Richard Wilbur’s auspicious 1947 debut, The Beautiful Changes, earned the admiration of two of the most enduring American poets of the era, Robert Frost and Wallace Stevens. By the late 1950s, Wilbur had completed a landmark translation of Molière’s The Misanthrope, and received the Pulitzer Prize for his third collection of poetry, Things of This World. Since then, Wilbur has received nearly every award and honor available to an American poet, including two Pulitzers, two Bollingen Prizes, a National Book Award, and the office of the U.S. Poet Laureate. His definitive translations of Molière, Jean Racine, and Pierre Corneille represent nearly the complete output of these major figures of 17th-century French drama, and he has translated poetry by an astounding range of poets including the Portuguese Vinícius de Moraes, the Russian Anna Akhmatova, and the Argentine Jorge Luis Borges.
For parts of five decades, Wilbur and his wife Charlee spent winters in Key West. Here they became part of a cadre that included John Ciardi, the noted translator of Dante’s Inferno, Pulitzer Prize-winning World War II correspondent John Hersey, two-time National Book Award-winning poet James Merrill, and poet, biographer, and social critic John Malcolm Brinnin.
Our interview began in February as a series of exchanges through the mail. On a sunny day in late August, I drove to visit Wilbur at his home in the Berkshires outside Northampton, Massachusetts. We had a lunch of turkey sandwiches with beets from Wilbur’s garden and walked from the house to his study, an open structure with large windows and wall-to-wall bookshelves. On the windowsill is a pair of binoculars, and in front of the window is Wilbur’s desk, topped with an early 20th-century L.C. Smith typewriter and the blue folder containing the manuscript that will become Wilbur’s next book of poems, due in the fall of 2010. Our conversation—about Frost, Stevens, Key West, Wilbur’s practice, and his place in the republic of letters—follows.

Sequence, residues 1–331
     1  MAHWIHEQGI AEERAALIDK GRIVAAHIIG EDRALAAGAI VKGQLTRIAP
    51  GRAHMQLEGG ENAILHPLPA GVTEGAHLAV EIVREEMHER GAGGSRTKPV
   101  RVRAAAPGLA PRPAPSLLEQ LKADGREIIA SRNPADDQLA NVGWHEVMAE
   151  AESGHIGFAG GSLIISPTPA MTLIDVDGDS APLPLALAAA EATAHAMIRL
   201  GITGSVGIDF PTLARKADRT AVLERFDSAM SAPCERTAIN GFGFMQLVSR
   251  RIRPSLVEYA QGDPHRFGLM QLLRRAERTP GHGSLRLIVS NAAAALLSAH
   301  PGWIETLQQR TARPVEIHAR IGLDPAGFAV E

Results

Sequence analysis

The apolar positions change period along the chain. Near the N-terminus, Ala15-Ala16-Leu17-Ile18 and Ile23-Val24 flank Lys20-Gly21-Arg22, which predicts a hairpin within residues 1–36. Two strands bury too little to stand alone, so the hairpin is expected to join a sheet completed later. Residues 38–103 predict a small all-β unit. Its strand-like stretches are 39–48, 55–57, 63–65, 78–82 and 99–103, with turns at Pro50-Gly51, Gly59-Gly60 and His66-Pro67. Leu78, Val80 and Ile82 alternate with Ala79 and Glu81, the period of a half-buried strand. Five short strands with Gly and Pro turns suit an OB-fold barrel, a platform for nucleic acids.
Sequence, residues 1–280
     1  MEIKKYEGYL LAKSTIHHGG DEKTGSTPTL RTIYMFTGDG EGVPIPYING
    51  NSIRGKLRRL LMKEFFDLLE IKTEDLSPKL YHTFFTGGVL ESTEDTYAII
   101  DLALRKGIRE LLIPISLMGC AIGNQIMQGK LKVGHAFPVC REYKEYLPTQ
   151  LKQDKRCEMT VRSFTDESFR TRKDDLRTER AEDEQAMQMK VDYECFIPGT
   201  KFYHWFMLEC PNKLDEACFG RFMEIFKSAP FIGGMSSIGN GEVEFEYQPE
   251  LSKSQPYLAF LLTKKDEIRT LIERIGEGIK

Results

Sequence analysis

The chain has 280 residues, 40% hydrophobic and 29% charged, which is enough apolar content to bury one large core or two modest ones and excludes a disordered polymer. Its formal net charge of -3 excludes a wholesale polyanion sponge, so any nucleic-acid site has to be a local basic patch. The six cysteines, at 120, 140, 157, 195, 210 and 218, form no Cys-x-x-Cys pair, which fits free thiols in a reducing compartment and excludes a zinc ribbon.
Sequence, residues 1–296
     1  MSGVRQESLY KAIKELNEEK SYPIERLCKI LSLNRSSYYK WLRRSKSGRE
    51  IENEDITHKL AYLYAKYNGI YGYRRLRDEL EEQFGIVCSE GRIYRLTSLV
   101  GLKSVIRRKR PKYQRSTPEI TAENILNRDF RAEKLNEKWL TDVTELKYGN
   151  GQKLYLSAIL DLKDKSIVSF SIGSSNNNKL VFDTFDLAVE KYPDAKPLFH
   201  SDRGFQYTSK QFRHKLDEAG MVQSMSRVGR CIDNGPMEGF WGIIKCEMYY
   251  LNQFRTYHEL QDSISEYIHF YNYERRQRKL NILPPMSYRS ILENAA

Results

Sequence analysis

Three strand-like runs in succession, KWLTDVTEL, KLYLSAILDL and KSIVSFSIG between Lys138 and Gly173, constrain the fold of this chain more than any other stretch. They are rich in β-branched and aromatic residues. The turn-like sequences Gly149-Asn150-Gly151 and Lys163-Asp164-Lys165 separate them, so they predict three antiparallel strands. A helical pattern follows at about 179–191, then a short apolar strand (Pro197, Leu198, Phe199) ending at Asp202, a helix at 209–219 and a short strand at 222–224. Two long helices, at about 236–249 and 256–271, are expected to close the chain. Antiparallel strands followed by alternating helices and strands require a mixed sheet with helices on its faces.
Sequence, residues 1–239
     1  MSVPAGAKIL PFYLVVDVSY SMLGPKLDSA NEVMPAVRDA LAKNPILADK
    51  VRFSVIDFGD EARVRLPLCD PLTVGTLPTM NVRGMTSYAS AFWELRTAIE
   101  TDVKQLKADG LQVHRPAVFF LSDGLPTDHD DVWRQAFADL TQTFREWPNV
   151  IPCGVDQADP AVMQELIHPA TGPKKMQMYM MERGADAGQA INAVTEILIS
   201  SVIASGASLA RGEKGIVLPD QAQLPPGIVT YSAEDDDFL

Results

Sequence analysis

Littoral: You knew both Wallace Stevens and Robert Frost early in your career. How did you come to know them, and what was their influence on your work and career?
Richard Wilbur: When I went to Harvard Graduate School on the G.I. Bill after World War II, Frost was spending much of the winters in Cambridge, and my wife and I soon got to know him. He was kindly disposed toward Charlee because her great-aunt, Susan Hayes Ward, had encouraged him when he was obscure, and was always called by him “the first friend of my poetry.” He took to me also, because I had many of his poems by heart, and when my first book appeared in 1947 he spoke kindly of it. We saw Robert– as he soon let us call him– frequently thereafter in Cambridge or in Ripton, Vermont, or at our house in Portland, Connecticut, once I’d begun to teach at Wesleyan. His poems always seemed to me to be a wonder and an inimitable model: I had no wish to ape his work, but it made me seek for a speaking voice, for meter and rhyme which worked as if by accident and for plain situations having overtones.
In Stevens’s work I was delighted by the gaiety of his flow of thought. I saw him rather rarely, but he was good to me and backed me for a Guggenheim in 1952; and I once had the honor of introducing him to a capacity crowd in Harvard’s New Lecture Hall. His ability to combine “the imagination’s Latin with the lingua franca et jocundissima” (as Stevens writes in “Notes Toward a Supreme Fiction”) was something I sought after in my own way, and with gratitude for his infectious example.
L: Like Stevens and Frost, you ended up in Key West. What first attracted you to the place? Were you aware of their histories in the town?